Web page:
The Agreement gives LSC access to "all" documents in MCLAS's possession, "except those properly subject to the attorney-client privilege." We can only conclude that "all" means "all"--including personnel files--and there is absolutely nothing in the record to indicate that personnel files are somehow out of the statutory bounds. Despite the absolute language of the contract, however, the Agreement is subject to an implied covenant of good faith and fair dealing under Oregon law. Gruver v. Midas Int'l Corp., 925 F.2d 280 (9th Cir.1991) (citing Best v. United States Nat'l Bank of Oregon, 303 Or. 557, 739 P.2d 554, 557 (Or.1987)). Under the circumstances, it is arguable that LSC's demand may have breached this covenant.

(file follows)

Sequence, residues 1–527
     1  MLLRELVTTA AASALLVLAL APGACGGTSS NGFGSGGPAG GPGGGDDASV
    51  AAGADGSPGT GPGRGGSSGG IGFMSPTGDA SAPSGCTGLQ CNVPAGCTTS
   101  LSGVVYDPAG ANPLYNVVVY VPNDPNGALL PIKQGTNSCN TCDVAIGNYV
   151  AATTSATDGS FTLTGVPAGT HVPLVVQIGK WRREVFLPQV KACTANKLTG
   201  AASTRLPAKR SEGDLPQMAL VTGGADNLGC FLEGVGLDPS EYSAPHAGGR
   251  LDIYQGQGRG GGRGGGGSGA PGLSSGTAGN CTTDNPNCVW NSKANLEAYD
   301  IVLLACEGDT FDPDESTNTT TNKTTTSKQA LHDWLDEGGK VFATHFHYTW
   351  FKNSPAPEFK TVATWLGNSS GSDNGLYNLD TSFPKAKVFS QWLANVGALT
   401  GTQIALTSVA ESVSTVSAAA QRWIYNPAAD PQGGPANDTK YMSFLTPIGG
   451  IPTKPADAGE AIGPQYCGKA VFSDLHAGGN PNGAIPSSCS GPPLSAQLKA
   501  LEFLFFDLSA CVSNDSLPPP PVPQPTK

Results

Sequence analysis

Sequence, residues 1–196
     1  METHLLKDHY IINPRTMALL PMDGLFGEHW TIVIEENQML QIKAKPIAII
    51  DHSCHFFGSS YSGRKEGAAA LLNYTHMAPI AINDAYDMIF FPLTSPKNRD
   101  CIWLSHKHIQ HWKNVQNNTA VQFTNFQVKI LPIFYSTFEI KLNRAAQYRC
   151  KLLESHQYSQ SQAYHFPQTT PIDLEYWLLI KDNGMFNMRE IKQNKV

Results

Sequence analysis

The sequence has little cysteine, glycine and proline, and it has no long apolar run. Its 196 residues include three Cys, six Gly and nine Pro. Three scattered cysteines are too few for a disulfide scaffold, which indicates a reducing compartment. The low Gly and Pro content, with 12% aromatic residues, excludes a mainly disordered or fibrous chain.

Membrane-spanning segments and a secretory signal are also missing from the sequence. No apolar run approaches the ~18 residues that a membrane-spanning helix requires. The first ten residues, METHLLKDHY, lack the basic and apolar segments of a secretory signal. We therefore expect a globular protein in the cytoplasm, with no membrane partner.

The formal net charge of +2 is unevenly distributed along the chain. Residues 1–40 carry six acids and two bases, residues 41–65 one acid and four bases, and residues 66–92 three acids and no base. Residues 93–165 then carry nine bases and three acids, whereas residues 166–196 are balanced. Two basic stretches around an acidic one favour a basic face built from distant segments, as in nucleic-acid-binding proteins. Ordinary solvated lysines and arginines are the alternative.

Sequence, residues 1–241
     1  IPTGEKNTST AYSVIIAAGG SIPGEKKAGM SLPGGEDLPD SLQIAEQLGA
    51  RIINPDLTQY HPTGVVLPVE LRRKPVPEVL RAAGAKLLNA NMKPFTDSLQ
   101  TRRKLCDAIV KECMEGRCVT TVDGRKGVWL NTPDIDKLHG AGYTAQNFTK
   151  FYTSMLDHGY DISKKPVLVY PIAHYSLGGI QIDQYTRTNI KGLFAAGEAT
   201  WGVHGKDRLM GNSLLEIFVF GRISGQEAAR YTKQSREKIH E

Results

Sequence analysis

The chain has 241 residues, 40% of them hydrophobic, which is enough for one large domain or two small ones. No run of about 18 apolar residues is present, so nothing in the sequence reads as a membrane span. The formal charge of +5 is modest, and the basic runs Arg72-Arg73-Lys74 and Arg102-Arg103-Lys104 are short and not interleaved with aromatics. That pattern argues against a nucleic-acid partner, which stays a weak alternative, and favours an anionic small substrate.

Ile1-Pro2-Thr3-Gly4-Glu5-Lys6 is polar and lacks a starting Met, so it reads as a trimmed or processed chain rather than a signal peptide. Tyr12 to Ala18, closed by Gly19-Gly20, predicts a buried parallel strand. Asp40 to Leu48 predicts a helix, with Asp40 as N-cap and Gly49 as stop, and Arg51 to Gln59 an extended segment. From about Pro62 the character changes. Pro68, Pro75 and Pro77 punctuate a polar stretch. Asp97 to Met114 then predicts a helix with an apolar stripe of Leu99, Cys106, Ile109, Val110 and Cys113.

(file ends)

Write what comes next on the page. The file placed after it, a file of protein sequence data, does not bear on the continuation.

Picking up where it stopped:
Here, however, we deal not just with any party, but an entity that has been granted special powers by Congress. If the LSC Act grants LSC the authority to review the documents, state law cannot limit LSC's exercise of that authority. See McCulloch v. Maryland, 17 U.S. (4 Wheat) 316, 425-36, 4 L.Ed. 579 (1819) (state may not interfere with operation of federally chartered corporation by taxing it); Osborn v. Bank of the United States, 22 U.S. (9 Wheat) 737, 862-68, 6 L.Ed. 204 (1824) (same).8 To the extent the covenant of good faith and fair dealing is a rule of state law that purports to limit LSC's authority to demand documents pursuant to the LSC Act, therefore, it is preempted.